Automated neonatal diffusion MRI data processing to study white matter development
Diffusion MRI (dMRI) is a powerful technique to probe brain connections and microstructure in vivo and non-invasively. However, given the significant structural changes that occur in the neonatal brain, it is challenging to build a standardised atlas of white matter connections. In my talk, I will present a fully automated pre-processing pipeline and a quality control (QC) framework that allow to efficiently analyse in-vivo neonatal data despite the considerable technical challenges specific to neonatal imaging (e.g., small head size, changing tissue contrast, excessive between and within volume motion). Extensions to the proposed processing framework will allow to automatically extract reliable structural neurophenotypes that, when linked to genetics and behaviour, will improve our understanding on how structural development influences each individual.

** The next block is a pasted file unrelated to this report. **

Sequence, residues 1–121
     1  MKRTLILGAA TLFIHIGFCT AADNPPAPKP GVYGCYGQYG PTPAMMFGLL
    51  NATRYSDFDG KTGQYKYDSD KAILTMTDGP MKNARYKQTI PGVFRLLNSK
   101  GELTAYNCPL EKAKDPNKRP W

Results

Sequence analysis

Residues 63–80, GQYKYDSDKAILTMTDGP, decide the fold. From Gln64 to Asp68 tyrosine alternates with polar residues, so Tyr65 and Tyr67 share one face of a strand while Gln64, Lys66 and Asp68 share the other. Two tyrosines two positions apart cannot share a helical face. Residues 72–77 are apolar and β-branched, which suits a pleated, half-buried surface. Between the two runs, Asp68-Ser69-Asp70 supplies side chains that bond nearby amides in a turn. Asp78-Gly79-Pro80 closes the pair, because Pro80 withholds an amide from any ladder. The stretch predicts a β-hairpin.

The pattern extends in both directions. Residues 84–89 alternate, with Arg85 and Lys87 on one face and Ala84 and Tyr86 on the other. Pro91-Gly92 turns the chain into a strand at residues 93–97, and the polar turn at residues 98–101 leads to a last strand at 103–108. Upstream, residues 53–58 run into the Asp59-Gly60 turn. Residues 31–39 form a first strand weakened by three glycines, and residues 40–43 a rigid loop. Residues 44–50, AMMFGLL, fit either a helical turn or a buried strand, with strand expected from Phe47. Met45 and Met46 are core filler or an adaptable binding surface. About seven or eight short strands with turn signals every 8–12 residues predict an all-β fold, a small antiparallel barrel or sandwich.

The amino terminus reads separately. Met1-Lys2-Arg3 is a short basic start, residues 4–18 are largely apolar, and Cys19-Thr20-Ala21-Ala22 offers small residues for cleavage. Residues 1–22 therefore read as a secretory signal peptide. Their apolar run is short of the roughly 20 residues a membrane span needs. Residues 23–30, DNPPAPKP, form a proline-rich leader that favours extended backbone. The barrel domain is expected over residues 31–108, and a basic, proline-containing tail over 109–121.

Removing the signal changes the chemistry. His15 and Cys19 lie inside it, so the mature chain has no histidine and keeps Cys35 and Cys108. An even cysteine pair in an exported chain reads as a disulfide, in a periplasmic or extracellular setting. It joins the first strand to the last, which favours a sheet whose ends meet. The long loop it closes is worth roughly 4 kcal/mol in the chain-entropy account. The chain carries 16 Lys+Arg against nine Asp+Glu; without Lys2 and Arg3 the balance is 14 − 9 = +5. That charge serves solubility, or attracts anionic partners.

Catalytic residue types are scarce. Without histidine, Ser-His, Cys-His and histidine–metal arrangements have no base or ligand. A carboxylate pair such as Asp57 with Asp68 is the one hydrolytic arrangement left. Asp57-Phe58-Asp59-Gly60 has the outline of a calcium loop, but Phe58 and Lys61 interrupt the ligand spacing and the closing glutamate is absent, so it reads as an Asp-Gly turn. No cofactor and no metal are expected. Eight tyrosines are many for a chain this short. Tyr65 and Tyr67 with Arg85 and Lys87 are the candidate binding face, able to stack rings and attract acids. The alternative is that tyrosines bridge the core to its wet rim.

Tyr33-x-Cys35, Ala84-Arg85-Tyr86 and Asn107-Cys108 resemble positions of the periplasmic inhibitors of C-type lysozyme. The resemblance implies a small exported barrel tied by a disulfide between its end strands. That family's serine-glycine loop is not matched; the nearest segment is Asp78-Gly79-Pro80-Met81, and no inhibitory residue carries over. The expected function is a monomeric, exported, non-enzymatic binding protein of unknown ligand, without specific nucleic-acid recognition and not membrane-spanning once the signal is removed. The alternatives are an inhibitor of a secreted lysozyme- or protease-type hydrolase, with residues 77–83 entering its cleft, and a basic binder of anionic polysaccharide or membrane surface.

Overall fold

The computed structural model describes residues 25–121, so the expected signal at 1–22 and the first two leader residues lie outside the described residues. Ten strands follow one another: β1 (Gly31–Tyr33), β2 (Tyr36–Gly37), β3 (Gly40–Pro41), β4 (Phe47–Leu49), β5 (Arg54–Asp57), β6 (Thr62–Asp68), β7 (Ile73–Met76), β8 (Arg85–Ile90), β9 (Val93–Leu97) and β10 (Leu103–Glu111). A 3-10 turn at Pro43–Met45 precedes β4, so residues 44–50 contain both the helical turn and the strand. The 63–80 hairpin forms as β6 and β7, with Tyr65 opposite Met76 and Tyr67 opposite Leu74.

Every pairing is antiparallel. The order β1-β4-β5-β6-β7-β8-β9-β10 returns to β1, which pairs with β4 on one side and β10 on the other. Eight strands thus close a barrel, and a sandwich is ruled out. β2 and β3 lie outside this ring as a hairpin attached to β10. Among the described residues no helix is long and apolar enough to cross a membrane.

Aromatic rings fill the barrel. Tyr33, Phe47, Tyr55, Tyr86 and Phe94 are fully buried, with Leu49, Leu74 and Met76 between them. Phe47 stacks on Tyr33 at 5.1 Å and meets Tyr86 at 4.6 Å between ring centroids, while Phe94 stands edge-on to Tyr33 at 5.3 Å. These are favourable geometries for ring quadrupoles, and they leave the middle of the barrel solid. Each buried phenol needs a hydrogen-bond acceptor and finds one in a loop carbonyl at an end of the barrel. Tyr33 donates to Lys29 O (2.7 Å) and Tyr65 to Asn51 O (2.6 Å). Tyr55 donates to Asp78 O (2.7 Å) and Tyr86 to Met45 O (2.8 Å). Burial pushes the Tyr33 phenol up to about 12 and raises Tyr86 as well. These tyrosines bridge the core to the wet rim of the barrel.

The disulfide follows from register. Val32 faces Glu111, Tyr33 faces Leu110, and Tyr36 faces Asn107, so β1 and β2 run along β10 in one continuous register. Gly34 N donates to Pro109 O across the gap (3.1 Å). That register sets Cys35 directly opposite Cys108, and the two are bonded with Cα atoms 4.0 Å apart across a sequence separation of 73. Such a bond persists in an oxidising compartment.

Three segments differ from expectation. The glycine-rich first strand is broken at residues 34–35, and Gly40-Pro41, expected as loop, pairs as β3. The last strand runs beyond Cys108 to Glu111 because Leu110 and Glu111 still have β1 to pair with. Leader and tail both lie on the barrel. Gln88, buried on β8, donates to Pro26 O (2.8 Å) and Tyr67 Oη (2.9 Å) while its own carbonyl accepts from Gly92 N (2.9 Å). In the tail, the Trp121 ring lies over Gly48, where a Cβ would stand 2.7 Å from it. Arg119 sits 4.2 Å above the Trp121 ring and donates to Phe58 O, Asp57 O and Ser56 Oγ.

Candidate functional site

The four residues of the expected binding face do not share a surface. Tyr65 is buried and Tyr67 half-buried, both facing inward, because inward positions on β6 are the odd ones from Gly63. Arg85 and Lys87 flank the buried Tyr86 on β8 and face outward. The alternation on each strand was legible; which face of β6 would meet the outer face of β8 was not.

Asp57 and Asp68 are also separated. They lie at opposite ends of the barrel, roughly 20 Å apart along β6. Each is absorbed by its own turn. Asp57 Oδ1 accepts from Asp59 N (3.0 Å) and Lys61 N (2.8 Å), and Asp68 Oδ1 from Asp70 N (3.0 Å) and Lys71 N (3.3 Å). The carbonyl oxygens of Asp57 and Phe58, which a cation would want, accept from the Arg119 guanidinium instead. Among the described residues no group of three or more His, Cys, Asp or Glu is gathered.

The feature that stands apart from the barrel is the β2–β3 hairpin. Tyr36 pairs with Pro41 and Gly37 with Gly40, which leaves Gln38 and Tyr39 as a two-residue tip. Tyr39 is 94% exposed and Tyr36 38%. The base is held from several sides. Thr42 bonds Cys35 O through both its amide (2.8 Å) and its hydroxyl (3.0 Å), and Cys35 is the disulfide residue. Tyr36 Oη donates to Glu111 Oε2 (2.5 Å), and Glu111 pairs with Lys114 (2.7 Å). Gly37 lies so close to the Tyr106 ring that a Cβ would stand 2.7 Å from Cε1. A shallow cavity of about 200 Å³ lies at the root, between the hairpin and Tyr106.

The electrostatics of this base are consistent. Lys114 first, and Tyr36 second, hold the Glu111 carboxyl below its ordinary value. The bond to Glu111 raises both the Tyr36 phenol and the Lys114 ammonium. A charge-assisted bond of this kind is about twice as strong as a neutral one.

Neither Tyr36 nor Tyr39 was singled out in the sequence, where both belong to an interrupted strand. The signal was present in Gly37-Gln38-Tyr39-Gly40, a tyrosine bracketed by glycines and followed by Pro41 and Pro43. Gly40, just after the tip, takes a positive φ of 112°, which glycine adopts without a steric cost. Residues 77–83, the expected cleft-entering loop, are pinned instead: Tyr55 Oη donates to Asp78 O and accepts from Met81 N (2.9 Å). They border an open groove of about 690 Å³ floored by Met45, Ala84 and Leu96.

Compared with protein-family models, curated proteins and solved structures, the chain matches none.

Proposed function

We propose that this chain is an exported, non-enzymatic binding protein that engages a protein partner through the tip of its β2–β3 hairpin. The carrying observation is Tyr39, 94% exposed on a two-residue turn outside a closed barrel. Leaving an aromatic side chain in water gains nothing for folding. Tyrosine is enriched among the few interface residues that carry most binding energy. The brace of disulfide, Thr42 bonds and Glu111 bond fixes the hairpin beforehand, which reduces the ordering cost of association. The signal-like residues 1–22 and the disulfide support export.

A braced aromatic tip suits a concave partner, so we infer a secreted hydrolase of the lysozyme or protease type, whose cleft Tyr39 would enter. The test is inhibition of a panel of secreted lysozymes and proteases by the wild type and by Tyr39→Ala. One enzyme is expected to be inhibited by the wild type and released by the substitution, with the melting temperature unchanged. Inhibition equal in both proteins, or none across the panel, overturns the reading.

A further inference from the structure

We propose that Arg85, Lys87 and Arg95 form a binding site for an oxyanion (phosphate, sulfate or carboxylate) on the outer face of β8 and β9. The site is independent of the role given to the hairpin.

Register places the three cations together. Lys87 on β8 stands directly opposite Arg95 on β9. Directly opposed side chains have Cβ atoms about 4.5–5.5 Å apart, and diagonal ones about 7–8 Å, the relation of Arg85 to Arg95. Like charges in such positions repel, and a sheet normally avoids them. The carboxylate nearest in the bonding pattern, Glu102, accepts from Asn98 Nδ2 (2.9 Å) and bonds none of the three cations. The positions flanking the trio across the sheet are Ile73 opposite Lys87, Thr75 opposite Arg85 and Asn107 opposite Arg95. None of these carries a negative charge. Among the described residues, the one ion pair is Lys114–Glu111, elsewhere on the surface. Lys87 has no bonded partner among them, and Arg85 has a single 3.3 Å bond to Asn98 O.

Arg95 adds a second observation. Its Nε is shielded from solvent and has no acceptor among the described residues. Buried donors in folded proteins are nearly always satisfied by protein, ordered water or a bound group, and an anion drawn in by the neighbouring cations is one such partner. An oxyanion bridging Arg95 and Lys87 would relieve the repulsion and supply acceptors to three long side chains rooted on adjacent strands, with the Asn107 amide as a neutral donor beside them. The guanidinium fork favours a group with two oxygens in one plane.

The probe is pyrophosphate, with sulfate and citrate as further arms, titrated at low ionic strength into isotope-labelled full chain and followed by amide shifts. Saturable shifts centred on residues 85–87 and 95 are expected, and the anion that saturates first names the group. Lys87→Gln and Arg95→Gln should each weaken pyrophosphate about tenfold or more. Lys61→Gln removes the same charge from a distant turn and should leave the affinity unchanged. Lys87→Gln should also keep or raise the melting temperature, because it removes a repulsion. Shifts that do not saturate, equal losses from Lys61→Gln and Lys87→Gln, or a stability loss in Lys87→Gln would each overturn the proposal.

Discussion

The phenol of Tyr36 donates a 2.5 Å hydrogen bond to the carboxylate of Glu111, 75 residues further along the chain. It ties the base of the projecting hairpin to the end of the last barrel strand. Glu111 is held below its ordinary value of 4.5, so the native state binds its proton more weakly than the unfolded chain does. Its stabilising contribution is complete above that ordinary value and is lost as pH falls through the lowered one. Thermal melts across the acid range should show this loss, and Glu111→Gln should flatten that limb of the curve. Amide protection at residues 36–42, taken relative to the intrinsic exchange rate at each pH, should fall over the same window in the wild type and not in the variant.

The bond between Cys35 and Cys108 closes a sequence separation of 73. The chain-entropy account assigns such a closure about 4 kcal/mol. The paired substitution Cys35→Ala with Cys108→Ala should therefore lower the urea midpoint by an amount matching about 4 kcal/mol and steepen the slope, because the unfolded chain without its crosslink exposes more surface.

The central research interest of Dr Matteo Bastiani is the development and application of magnetic resonance methods for neuroimaging to study the structural architecture of the brain. More specifically, he has been working on the analysis of data acquired using diffusion-weighted imaging to study the anatomical connectivity of the brain both non-invasively and in vivo. Such a combination of methodological aspects with neuroanatomy helps to improve and advance our understanding of the architectural organization of the human brain in health and disease alike. Diffusion imaging has been successfully introduced in both clinical and neuroscientific settings, to study neurological disorders (i.e. acute stroke) as well as the brains connectivity. Since its first application, the field related to this technique has experienced an exponential growth in terms of publications and applications. Furthermore, new techniques are constantly being developed to improve the reliability of the way in which we infer the white matter connectivity of the brain. Recent developments have shown that, by using diffusion imaging, it is possible to infer not just the macroscopic organization of white matter, but also its microscopic properties such as axonal diameters. This can be used once more to improve the models of brain connectivity and the early diagnosis of certain neurological diseases. The main goal of the research of Dr Bastiani is to combine both the micro and the macroscopic information which can be obtained by diffusion imaging to reconstruct a reliable model of brain’s white matter organization both at its micro and macro-structural level.